Free People is an American apparel and lifestyle retail company that has a bohemian, flower child aesthetic. The brand sells women’s clothing, accessories, shoes, intimates, and swimwear and is a part of Urban Outfitters, Inc. Free People has always developed successful catalogs full of hippy-looking models, including some of the biggest in the business. Karlie Kloss, Anja Rubik, and Joan Smalls have lined Free People’s catalog pages.
The clothes are just perfect for summer festivals and backyard bbqs, making the monthly print catalogs not just fun to look at but an editorial treat thanks to its free-spirited style and purview. But Free People is doing something different this time around. They’re losing their tried-and-true formula (models + scenery + hippy hairstyle = selling clothes) and is replacing it with a new Instagram campaign.
The company has recruited 27 models, bloggers and stylish, somewhat-famous people and will have them post “selfies” while wearing Free People clothing. The selfies will actually be the product of 14 days’ worth of professional photoshoots taken in L.A., New York, Paris, and London. But the pictures will look as casual as the selfies you take while trying on clothes or after picking out a particularly cool outfit from your closet.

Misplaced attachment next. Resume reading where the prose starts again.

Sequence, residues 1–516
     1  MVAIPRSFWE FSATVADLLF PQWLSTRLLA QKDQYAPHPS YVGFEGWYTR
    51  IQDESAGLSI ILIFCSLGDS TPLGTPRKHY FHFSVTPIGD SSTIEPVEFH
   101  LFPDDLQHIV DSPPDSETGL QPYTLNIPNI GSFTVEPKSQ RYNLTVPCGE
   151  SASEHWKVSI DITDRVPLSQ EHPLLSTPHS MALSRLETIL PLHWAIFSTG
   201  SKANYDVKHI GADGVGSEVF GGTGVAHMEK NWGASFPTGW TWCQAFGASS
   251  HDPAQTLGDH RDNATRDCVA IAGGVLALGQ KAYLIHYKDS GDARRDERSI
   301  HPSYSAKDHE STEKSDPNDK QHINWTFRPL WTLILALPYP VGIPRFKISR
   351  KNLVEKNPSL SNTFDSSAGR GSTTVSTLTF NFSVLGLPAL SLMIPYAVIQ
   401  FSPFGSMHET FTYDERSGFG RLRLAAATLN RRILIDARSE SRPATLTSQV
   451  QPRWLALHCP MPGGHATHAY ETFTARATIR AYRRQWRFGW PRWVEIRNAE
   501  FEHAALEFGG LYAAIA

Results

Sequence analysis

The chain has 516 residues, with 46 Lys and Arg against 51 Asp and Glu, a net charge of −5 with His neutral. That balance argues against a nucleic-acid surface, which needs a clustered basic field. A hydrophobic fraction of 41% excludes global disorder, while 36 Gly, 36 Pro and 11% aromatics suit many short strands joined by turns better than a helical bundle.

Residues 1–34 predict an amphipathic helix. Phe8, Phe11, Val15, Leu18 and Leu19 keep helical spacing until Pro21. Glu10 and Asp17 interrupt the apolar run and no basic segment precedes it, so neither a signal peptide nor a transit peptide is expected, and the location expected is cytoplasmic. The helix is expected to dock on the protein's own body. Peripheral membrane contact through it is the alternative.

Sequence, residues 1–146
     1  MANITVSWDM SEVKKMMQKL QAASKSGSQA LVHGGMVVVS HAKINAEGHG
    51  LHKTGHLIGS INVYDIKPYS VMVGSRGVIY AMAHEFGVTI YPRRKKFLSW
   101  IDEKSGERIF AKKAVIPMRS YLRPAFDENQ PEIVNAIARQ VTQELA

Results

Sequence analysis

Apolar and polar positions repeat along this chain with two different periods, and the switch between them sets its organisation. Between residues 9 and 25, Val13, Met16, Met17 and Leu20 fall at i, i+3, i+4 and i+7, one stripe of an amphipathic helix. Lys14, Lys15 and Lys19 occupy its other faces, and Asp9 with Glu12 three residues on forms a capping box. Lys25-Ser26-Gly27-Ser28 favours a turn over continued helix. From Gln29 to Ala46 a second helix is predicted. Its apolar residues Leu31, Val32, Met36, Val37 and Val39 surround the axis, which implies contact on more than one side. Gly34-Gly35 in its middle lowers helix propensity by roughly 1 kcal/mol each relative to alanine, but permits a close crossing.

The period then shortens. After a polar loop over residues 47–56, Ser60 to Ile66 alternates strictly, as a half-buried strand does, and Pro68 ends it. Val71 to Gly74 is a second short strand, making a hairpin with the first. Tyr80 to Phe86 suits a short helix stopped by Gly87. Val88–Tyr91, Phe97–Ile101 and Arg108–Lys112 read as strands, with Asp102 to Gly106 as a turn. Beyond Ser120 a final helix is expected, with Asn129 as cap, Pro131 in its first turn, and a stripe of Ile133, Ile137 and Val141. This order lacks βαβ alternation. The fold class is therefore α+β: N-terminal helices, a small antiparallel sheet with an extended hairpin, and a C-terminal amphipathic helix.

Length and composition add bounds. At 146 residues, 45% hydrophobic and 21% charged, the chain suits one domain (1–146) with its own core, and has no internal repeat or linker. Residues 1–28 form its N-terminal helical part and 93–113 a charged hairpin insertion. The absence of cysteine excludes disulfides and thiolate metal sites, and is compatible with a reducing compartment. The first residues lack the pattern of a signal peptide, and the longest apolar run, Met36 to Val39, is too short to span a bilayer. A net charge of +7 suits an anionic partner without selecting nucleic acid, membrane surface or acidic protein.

The Instagram images will appear in the Free People print catalog that follows.
Since the company can get some of today’s major supermodels, why are they using these no-names to promote the line? Maybe to join in on the trend that other fashion companies have turned to. Rag & Bone were pioneers with its “DIY” project, which gives girls a pair of R&B jeans, a camera, and free rein to take whatever pictures they want, which are then posted on a special R&B website. CK One and Equipment have both done similar projects in recent months. Free People has cultivated an avid social media following through integrating customer photos onto its product pages and as part of its online community platform, FP Me. These kinds of opportunities make wearers feel appreciated and invested in the products. These social media projects, without a doubt, inspire shopping.
Most of the Free People campaign stars have tens, if not hundreds or thousands of Instagram followers. This is a great tool for Free People to access the various, often intersecting followers of their “models.” The one exception to this rule is Michelle Collins, a Free People customer and user of FP Me, that the brand brought on board to honor its fans. Collins’ has about 1,440 followers, which is still not too shabby.
(Photo courtesy of Instagram)